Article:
(Ch.3) (...) As he was being carried to the town of Dijon, where he had ordered that he should be buried, those who carried him succumbed under the weight, while they were to the north of the town and quite close to it. Not being able to hold up the bier, they put it to the ground, and then, after they had rested and regained their strength, they picked it up and carried it into the church, which was inside the walls of the town. The bishops arrived on the fifth day, and the body was brought from the church to the basilica of Saint John. And behold, men in prison began to cry out, addressing the body of the saint, "Have pity on us, most pious lord, so that those whom you did not free while you were in this earth, may obtain their liberty from you now that you are dead and possess the heavenly kingdom. Come to us, we implore you, and have mercy on us." As they said these words, and others like them, the body grew heavy so that it could no longer be held up, and the bearers put the bier to the ground and waited to see what the power of the holy bishop would bring about. As they waited, suddenly the doors of the prison opened, the beam which held the feet of the prisoners broke in the middle, their bonds were loosened and the chains shattered, and they came to the body of the saint with nobody to stop them. Those who carried the bier lifted it again, and the prisoners followed it with the others. Later the judge ordered that they should be free from all punishments.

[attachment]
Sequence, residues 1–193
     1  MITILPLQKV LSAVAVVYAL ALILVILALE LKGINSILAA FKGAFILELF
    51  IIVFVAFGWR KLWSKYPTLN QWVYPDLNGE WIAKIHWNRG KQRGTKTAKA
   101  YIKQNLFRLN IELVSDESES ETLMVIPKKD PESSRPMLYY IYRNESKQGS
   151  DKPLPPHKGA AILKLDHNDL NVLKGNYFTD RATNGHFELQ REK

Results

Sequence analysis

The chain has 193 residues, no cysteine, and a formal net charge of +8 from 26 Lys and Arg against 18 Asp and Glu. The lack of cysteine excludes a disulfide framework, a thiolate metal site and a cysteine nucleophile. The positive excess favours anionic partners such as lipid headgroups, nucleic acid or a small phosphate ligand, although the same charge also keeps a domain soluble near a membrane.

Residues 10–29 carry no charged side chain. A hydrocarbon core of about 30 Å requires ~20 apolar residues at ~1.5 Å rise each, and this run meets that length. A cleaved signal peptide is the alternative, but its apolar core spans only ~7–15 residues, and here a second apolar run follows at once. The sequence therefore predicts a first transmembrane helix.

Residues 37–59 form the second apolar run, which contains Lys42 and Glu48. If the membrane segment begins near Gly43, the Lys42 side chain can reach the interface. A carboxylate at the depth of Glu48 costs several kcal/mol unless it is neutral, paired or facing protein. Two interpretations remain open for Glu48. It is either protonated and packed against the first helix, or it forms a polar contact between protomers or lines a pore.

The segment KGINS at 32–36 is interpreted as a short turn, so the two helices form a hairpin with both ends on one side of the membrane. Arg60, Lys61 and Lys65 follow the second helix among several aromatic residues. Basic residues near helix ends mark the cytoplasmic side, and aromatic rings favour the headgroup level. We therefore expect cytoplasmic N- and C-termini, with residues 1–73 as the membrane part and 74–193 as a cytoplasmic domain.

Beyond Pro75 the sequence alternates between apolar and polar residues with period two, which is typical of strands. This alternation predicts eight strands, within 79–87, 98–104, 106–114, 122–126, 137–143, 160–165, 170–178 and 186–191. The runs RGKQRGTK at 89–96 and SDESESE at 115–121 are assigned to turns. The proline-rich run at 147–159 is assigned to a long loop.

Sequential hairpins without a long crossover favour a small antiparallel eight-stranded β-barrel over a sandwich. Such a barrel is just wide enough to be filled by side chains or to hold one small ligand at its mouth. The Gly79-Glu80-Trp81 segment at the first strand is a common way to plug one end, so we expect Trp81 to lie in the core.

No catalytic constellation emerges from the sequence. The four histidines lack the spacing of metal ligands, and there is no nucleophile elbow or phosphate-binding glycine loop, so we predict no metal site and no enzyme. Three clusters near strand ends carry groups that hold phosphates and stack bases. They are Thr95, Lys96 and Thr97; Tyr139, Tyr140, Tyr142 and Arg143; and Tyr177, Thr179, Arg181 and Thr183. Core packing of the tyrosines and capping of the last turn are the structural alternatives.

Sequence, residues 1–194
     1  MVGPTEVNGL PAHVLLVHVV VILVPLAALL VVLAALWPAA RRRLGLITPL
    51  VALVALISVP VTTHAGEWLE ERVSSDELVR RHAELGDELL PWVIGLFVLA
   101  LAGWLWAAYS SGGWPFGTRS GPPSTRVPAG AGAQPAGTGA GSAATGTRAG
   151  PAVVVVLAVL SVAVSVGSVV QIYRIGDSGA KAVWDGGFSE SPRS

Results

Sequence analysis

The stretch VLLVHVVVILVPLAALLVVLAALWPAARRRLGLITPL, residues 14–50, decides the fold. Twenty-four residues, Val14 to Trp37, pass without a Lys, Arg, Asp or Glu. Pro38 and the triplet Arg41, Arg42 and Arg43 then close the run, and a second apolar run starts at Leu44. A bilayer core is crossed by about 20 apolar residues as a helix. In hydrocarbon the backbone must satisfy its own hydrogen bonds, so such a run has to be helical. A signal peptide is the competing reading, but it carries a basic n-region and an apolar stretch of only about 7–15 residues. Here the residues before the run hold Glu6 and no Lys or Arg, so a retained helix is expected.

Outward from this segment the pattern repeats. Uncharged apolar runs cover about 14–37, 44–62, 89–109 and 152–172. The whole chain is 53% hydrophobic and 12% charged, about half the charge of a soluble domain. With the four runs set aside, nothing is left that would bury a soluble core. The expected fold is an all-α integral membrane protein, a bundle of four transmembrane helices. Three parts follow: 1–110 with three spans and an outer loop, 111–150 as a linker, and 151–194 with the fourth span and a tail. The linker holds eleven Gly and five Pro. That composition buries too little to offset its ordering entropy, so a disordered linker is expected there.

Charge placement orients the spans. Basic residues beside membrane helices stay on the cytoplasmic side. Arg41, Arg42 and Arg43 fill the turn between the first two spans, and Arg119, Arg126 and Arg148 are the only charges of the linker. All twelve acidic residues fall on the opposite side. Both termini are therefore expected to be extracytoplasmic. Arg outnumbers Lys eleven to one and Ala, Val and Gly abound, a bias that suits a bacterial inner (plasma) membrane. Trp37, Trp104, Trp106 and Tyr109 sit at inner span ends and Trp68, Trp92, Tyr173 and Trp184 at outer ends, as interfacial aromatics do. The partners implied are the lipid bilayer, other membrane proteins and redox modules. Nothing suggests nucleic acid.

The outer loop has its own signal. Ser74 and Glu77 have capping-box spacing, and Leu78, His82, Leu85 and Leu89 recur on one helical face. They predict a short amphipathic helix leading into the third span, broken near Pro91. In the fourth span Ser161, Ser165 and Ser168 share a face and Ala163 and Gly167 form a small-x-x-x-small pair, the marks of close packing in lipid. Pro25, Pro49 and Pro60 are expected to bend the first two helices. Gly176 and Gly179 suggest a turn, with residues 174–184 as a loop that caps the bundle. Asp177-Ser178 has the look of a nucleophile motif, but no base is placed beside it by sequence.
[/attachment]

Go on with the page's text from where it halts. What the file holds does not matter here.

(Ch.4) On the day of the burial a man has a vision of the heavens opening; a prisoner passing by the body of Gregory on the way to Dijon is freed.

Text: Krusch 1969, 238-240. Translation: James 1991, 45-48.

History

Evidence ID

E00053

Saint Name

Gregory, bishop of Langres (Gaul), ob. 539/540 : S00038 John the Baptist : S00020 John the Evangelist : S00042

Saint Name in Source

Does not appear Iohannes Iohannes

Type of Evidence

Literary - Hagiographical - Lives of saint

Language

Latin

Evidence not before

573

Evidence not after

593

Activity not before

539

Activity not after

540

Major author/Major anonymous work

Gregory of Tours

Cult activities - Festivals

  • Saint’s feast

Cult activities - Places

Cult building - independent (church)